Jason Campbell 01:47
So why would someone invest in commercial paper? And no, and I was thinking about this at the beginning. I was thinking like when we were talking about when we first talked about this, this particular topic, and I think commercial paper, I’m like, What’s that printer paper? Right? So we’re not talking about that kind of paper or copier paper? Right? Why would someone invest into that?
Paul Galloway 02:03
Yeah, that’s a great question. I, you know, I really don’t know the history of why it’s called Paper other than used to be back in the day that bonds were physical notes, and you had coupons that you had to clip off the bonds. And I think paper came off that as a form of work called these shorter term issuances paper, printed on paper, just like bonds were at a certain interest rate tied to it certain structure and duration. And I think that might be why he was called paper. But, you know, your typical investors such as institutional investors, or mutual funds, or pension funds, even insurance companies make investments in commercial paper to boost their short term returns or yields, as well as to diversify the types of short term investments they make in their short portfolios. And so it’s a way for these investors to get better returns than using other short term investment vehicles potentially. And also another way to diversify amongst the investments.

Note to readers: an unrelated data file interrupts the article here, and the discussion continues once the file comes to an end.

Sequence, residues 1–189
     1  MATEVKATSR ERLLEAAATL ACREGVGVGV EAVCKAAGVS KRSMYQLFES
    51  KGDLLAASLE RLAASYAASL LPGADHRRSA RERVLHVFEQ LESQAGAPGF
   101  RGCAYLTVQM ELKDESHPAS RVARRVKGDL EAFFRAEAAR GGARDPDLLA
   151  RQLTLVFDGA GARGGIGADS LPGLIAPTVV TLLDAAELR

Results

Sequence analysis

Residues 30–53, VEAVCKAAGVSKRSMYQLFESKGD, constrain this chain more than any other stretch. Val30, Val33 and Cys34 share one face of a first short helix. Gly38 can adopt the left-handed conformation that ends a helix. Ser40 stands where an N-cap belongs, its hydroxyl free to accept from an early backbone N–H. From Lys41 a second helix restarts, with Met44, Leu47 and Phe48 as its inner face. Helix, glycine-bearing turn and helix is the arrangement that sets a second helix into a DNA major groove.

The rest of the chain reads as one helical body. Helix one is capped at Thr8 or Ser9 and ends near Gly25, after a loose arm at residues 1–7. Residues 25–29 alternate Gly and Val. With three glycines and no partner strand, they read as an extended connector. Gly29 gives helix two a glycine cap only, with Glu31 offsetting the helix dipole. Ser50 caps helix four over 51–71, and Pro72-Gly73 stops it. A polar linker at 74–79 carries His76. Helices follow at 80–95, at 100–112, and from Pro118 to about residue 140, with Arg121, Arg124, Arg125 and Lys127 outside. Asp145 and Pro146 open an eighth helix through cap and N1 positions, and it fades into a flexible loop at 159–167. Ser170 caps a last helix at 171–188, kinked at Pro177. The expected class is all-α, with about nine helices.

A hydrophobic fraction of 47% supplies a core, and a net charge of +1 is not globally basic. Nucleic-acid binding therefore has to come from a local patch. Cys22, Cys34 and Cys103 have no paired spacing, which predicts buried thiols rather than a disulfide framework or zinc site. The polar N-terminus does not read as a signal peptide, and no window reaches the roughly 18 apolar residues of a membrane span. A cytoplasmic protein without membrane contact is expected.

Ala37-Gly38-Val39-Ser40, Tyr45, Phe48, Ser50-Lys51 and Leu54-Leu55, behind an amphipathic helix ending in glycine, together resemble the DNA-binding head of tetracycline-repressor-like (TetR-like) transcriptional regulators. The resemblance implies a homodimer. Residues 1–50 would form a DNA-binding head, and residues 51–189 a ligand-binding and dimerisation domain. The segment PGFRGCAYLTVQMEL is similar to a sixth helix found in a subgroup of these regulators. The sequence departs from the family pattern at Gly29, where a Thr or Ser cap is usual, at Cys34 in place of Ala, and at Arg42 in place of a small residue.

Jason Campbell 03:15
So are there different types of commercial paper to invest in?
Paul Galloway 03:19